A Crisis Of Conscience In Police, Adjective

A Crisis Of Conscience In Police, Adjective

Static Mass Rating: 4/5
Artificial Eye 

Release date: February 14th 2011
Certificate (UK): 15
Running time: 113 minutes

Original language: Romanian with English subtitles
Country of origin: Romania

Year of production: 2009

Director: Corneliu Porumboiu
cast: Dragoş Bucur, Vlad Ivanov

This Romanian film, written and directed by Corneliu Porumboiu explores the fine line between following the law and following what you believe to be the right thing to do. Sometimes the two are not necessarily the same.

Christi (Dragos Bucur) is a plain clothes police officer tracking a group of high school kids suspected of dealing drugs. His days are spent following them around the streets of Vaslui and keeping a close eye on their activities, but when he sees they’re only involved in smoking hashish he becomes reluctant to make an arrest that could affect the rest of their lives.

Police, Adjective

When Christ goes home after these stakeouts, he has long heated debates with his wife, a school teacher, over trivial matters such as the meaning behind a song on the radio she’s listening to.

Back at work, his superior, Captain Anghelache (Vlad Ivanov), is pressing him to make an arrest and get the case closed, but Christi is facing a crisis of conscience; to follow the law and ruin the lives of these kids over something so petty or to disobey and face the consequences of those actions.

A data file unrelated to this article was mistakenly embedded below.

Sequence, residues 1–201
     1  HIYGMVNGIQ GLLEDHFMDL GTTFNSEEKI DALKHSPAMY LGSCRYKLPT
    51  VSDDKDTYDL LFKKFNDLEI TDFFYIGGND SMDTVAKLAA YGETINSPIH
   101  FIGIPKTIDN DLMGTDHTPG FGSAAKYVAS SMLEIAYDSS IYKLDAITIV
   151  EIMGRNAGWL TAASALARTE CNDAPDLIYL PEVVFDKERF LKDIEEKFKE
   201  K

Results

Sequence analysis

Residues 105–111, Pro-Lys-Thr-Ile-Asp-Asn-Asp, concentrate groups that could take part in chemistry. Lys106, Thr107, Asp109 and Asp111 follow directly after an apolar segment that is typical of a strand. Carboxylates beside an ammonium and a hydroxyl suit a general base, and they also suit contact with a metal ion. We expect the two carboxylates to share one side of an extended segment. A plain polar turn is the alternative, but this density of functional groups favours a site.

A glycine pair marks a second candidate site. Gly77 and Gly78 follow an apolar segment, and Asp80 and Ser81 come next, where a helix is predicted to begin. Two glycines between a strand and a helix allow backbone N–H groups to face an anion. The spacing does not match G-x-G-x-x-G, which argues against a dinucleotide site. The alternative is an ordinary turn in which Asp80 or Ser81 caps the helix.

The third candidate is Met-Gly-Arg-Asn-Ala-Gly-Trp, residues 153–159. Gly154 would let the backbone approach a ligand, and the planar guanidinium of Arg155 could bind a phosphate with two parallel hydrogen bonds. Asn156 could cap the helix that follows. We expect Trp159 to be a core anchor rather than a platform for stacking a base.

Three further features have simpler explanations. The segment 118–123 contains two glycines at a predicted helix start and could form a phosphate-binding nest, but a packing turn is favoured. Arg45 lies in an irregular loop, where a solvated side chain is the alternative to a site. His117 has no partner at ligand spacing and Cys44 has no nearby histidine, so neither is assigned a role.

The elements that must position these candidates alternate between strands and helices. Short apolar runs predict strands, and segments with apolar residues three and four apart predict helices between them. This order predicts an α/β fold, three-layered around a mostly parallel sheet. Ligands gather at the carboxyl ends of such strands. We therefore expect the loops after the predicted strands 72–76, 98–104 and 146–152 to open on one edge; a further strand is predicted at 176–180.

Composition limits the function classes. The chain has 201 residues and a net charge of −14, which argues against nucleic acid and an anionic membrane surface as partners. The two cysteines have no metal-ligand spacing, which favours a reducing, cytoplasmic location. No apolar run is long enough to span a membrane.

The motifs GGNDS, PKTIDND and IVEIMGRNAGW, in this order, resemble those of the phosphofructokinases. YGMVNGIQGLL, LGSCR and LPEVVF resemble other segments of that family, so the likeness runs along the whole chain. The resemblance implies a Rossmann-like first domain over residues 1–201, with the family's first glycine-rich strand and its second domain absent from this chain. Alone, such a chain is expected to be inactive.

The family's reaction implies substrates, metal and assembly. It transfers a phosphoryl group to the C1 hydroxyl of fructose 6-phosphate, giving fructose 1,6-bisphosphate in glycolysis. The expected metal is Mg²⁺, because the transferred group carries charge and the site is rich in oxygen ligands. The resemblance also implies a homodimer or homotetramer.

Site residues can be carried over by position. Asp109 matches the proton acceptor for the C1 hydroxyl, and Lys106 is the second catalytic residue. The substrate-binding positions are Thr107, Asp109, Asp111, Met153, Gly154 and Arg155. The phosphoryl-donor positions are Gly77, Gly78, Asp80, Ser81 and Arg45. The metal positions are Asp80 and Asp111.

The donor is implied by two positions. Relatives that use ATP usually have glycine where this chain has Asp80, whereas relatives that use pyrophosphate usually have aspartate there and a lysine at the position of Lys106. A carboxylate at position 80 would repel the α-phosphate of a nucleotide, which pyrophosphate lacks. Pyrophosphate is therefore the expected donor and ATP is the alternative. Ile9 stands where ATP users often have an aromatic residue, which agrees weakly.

He pleads for leniency towards the kids but Anghelache has an altogether different idea about morality and this culminates in a tense debate that involves a dictionary and clarifying the meaning of words such as “law” and “police” so that Christi’s confusion can be resolved. Ludwig Wittgenstein would be proud.

Police, Adjective

Although watching Police, Adjective is at first like being on a stakeout – there are long moments of watching and waiting for sometime to happen as we follow Christ, following the kids – the film has a lot to say when it decides its time to say something.

Porumboiu takes us through the streets of Romania and through the legal jungle where bureaucracy is the big cat running a system which aims to keep society in order, but at the same will penalise even for the smallest offences. Arbitrariness, together with dialectics and semantics are also prevailing themes here as Porumboiu sets up a story that demands your patience and attention but promises a conclusion that’s fulfilling on a level so entertaining and intellectual that I’ve rarely seen it in films.

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